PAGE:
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(Text by Duane R. Hurst © 2013)

Click on a link to view its information and pictures.
Significant Event:
    Philistine Soldiers

Cities: Ashdod; Ashkelon;
     Ekron; Gath; Gaza
Time: 1175-675 BC
Language: Canaanite; Philistine
Personage: Goliath
Religion: Philistines Gods
Related Country: Gaza Strip; Israel

Brief History:
      I have included only a few items concerning the history of these kingdoms. A good source for more details can be found on Wikipedia or in history books.

Map of Philistines Region
Click Map to Enlarge
      Philistines probably were called "Kaftor" (noted in Jeremiah 47:4 of the Old Testament). They also were the Sea Peoples who attacked ancient Egypt in the Nile Delta. Reportedly, Pharaoh Ramesses III allowed the Casluhite Philistines (a group of Sea Peoples) to settle the southern coastal region of Canaan. The northern coast was occupied with the seafaring Phoenicians.

      These wanderers eventually built a coalition of five cities in modern Gaza and Israel. They were: Ashdod; Ashkelon; Ekron; Gath; Gaza. A second phase of expansion took place circa 1150 BC at Aphek, Tel Gerisa and Tel Qasile of the Yarko region (modern Jaffa).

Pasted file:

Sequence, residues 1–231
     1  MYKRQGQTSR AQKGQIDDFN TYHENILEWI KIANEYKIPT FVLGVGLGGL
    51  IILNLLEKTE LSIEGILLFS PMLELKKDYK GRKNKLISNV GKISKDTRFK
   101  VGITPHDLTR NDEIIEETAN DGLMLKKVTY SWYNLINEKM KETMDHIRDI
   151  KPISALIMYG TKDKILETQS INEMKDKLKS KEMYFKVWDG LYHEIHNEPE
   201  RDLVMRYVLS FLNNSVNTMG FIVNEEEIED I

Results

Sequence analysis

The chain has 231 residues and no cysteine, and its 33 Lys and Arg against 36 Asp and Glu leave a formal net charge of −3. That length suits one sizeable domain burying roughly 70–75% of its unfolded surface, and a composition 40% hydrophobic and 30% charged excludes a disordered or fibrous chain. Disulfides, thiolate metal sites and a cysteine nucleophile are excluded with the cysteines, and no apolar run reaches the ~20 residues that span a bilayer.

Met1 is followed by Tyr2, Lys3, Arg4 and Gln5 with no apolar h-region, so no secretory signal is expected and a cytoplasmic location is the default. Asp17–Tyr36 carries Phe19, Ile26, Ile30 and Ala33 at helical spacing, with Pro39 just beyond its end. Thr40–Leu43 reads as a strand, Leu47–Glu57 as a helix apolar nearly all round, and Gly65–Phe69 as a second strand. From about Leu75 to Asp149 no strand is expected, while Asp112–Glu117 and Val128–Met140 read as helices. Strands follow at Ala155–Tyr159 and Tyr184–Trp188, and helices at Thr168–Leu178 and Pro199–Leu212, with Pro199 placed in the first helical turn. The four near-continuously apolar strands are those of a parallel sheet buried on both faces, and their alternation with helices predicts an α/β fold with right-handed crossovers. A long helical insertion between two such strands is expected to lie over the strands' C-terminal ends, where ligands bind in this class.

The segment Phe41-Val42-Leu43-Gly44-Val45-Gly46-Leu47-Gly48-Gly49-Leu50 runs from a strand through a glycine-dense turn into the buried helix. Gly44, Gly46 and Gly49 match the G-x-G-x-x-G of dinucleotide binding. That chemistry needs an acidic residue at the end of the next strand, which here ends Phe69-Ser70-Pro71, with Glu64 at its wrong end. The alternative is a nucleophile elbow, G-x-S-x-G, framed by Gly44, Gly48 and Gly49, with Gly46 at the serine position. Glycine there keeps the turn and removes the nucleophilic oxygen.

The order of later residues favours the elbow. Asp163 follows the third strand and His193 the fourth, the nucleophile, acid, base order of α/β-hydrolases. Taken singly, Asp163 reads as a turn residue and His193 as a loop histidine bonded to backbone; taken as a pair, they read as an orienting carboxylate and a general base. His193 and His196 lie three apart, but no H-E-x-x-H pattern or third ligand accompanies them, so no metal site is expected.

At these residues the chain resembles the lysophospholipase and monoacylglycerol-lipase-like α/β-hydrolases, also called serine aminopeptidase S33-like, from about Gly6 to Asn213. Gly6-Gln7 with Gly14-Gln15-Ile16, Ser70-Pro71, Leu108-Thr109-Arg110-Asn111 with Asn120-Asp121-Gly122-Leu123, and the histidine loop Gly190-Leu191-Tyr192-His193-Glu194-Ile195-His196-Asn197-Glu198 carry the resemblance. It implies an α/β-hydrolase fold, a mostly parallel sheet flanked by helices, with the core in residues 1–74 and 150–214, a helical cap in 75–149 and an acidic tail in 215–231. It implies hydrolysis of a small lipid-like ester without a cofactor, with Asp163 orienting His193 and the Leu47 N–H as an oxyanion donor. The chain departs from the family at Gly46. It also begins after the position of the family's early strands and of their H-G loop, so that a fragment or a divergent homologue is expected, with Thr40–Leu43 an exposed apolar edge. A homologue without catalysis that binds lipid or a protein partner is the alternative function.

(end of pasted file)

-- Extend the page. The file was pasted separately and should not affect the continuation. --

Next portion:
Philistine Soldiers often clashed with inexperienced troops of early Israel during the 10th through 7th centuries BC, such as the Battle of Shephelah. The two most famous combatants against Philistine soldiers were: 1) Samson killing 1,000 men and destroying a temple; 2) David killing Goliath.

      Philistine troops defeated Israelites in battle at Eben-Ezer (probably at modern Beit Iksa) and captured their Ark of the Covenant. It was housed briefly in succession at Ashdod, Gath and Ekron. At each location the people suffered from a plague until the Philistines returned the Ark to Israel. Circa 1010 BC, Philistine troops defeated and killed King Saul in the Battle of Mount Gilboa.

      In 806 BC, king Adad-Nirari III of Assyria conquered the Philistines and other people of the Levant, including Arameans, Edomites, Moabites and Phoenicians. Babylon and Persia later conquered the five cities.

© Page Publisher: Duane R. Hurst